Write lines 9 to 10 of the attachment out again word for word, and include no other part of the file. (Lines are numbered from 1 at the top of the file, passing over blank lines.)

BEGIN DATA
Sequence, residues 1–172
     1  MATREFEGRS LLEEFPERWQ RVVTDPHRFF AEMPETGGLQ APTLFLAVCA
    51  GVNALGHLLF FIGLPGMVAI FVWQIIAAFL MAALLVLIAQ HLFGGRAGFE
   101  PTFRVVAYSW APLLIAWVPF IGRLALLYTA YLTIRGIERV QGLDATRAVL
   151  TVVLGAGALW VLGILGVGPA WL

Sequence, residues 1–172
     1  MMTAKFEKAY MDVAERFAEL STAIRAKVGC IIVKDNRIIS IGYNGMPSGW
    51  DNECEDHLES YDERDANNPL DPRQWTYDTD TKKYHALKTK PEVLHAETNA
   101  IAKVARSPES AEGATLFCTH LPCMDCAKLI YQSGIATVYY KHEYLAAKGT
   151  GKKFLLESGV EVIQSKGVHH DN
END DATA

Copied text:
   101  IAKVARSPES AEGATLFCTH LPCMDCAKLI YQSGIATVYY KHEYLAAKGT
   151  GKKFLLESGV EVIQSKGVHH DN